On first glance Diego “The Nightmare” Sanchez might be the young man down the street who once tried to sell carpet cleaning to the other neighbors.
Even when he talks, it’s in a non-threatening, almost school-boyish tone.
Things change, however, inside the octagon.
Since making his debut on the very first Ultimate Fighter reality show, Sanchez has racked up victories and established his name as one of the premier mixed martial arts fighters in the world.
The New Mexico native visited Los Angeles recently to pump up interest for his next fight against Luigi Fioravanti (12-3) at the Ultimate Fighter finale held at the Pearl in Las Vegas on June 21. It will be televised on Spike TV.
It was 2005 when Sanchez (18-2) was chosen to participate in the newly conceived MMA reality TV show. More than a dozen fighters took part in the process, including the Albuquerque grappler.
“I have many memories of that show. It was a life-changing experience,” Sanchez says, smiling. “It was fun and it was hell at the same time.”
During the first season on January 2005, there were two weight classes represented: the middleweights at 185 pounds and the light-heavyweights at 205 pounds. Sixteen guys lived together in Las Vegas on the first of the very popular series.
“At times it was not fun. Living with a bunch of fighters and all that testosterone in one house with no TV, no radio, no nothing,” remembers Sanchez, 26. “Different personalities just didn’t go well with each other.”
In the beginning, Sanchez met a few guys he quickly dismissed, but later learned his first evaluation was incorrect.
“My favorite person at the end of the show was Stephan Bonnar. But in the beginning we didn’t like each other. We almost wanted to fight each other,” Sanchez explained. “But he was the one that was the most down-to-earth, and Kenny Florian was cool, too.”
Several years have passed since that first series when a bunch of MMA fighters were unleashed on each other and revealed to the world. Most remarkable is the talent that emanated from that first grouping.
“All of the guys on the show ended up being big-time fighters with the exception of two or three guys,” Sanchez says. “But they were all good fighters.”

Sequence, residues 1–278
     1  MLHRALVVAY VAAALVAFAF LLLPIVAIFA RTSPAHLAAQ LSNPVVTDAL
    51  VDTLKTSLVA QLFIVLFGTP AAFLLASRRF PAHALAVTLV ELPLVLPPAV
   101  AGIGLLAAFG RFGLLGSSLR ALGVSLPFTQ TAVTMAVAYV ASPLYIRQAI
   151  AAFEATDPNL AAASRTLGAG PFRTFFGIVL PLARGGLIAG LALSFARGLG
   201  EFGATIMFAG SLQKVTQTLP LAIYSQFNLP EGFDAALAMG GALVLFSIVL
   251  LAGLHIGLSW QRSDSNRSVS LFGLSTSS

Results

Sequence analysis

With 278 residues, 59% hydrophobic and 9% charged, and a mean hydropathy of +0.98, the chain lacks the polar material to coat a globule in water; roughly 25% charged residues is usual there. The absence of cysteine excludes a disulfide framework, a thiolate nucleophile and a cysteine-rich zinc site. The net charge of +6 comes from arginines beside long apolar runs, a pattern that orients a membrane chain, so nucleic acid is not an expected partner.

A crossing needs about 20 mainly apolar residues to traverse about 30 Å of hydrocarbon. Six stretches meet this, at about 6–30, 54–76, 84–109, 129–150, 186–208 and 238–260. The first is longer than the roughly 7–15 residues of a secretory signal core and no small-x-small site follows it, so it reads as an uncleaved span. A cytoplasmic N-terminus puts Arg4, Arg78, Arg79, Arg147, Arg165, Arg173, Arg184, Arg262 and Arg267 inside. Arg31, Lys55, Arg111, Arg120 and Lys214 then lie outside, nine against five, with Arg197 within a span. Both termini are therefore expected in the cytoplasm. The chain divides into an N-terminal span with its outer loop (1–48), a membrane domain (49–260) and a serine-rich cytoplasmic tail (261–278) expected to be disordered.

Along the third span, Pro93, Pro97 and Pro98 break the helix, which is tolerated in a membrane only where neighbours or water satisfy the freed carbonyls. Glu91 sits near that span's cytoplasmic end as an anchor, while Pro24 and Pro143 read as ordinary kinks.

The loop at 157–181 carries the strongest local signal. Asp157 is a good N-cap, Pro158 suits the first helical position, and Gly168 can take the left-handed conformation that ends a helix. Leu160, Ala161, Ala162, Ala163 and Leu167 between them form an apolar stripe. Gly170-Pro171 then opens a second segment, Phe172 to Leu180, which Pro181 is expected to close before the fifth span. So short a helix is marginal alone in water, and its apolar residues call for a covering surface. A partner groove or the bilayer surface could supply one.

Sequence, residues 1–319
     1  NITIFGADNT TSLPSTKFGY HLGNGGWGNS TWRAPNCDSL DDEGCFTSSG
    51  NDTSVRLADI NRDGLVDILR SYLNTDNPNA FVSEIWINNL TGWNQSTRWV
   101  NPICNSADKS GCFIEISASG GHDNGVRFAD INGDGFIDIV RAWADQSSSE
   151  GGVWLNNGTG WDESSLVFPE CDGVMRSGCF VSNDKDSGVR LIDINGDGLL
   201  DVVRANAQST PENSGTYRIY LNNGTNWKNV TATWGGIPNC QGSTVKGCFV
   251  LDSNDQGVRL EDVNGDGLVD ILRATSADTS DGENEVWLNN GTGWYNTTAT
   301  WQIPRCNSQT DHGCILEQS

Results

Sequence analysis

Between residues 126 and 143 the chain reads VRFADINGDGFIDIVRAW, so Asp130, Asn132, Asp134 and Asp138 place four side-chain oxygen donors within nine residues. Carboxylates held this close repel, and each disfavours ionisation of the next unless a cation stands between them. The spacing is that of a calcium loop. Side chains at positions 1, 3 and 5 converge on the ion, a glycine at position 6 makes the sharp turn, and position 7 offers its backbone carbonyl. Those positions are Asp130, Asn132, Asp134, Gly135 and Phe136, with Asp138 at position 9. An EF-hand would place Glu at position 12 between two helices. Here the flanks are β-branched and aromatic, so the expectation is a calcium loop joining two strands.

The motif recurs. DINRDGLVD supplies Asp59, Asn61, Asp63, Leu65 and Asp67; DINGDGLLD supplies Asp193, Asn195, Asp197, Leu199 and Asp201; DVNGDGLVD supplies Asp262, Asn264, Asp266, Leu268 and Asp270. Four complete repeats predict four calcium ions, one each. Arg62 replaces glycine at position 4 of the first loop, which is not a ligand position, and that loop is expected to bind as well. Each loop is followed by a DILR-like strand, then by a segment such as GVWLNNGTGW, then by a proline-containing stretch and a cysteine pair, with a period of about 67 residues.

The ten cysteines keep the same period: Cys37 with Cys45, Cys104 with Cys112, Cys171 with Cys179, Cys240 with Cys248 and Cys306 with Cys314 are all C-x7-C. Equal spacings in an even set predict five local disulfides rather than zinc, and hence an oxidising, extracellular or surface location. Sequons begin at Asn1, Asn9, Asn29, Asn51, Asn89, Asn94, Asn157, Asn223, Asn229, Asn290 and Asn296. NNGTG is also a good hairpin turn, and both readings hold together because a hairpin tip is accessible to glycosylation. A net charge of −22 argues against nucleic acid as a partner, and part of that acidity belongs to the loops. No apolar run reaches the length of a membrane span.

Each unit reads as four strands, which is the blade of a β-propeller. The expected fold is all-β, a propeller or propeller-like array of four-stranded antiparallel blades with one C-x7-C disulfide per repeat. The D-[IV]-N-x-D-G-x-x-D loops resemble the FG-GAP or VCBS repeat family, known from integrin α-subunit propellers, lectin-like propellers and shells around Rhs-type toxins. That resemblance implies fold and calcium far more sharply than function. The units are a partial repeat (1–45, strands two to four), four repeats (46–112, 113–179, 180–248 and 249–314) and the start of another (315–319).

On that same series were Sanchez, Josh Koscheck, Kenny Florian, Josh Rafferty, Chris Sanford, Alex Karalexis, Chris Leben, Nathan Quarry, Jason Thacker, Lodune Sincaid, Mike Swick, Stephan Bonnar, Alex Schoenauer, Sam Hoger, Bobby Southworth, and Forrest Griffin. The team captains were Chuck “The Iceman” Liddell and Randy Couture.
Griffin is captaining one of the teams on this season’s The Ultimate Fighter against Quinton “Rampage” Jackson’s team. The finale will pit the representatives of each team in the middleweight division.
The seventh season of The Ultimate Fighter has revealed several very good middleweights to the world, including the semifinalists, Amir Sadollah, Jesse Taylor, Tim Credeur and C.B. Dolloway. The finalists will be determined on Wednesday night’s show, shown on SpikeTV.
The final takes place on June 21 at the Pearl, located inside the Palms Casino.
Sanchez hopes the fight continues his personal rebound. Sanchez began his career by winning 17 straight fights, including wins over established stars like Kenny Florian, Nick Diaz, and Karo Parisyan. But he hit a career low-point when he lost both of his fights in 2007 -- one to Josh Koscheck, another to Jon Fitch, both by decision. But he returned to his winning ways by defeating David Bielkheden via TKO at UFC 82. He has his hands full with Fioravanti.
“My opponent is really good standing up and on the ground,” said Sanchez, who now lives in San Diego.
The transplanted New Mexico fighter is tutored by Brazil’s Saulo Ribeiro at the University of Jiu Jitsu in San Diego. It’s one more weapon to Sanchez’s arsenal.
“We don’t want to change the fighters,” said Ribeiro, whose school has been in San Diego for two years now. “We just want to add to what they already know.”
Sanchez believes that MMA continues to change rapidly, and despite knowledge of wrestling, boxing and various submission skills, he wants to stay on top of it.
“MMA is still a baby and it’s evolving,” Sanchez says. “The fighters are getting more diverse with their striking. It’s just becoming a more diverse sport.”
Video: MMA from NBC Sports
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